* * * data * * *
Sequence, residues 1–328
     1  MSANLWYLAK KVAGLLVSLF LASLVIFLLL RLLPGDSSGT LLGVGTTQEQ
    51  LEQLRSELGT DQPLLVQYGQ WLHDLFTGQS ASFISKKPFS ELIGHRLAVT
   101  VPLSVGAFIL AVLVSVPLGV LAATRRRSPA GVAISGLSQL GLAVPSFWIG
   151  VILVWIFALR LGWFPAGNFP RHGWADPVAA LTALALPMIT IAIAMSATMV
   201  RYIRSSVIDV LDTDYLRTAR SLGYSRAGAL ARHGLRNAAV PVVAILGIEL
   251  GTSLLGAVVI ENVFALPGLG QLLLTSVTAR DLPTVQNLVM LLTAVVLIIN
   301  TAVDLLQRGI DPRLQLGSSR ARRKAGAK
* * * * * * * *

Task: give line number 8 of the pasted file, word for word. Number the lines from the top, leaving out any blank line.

   301  TAVDLLQRGI DPRLQLGSSR ARRKAGAK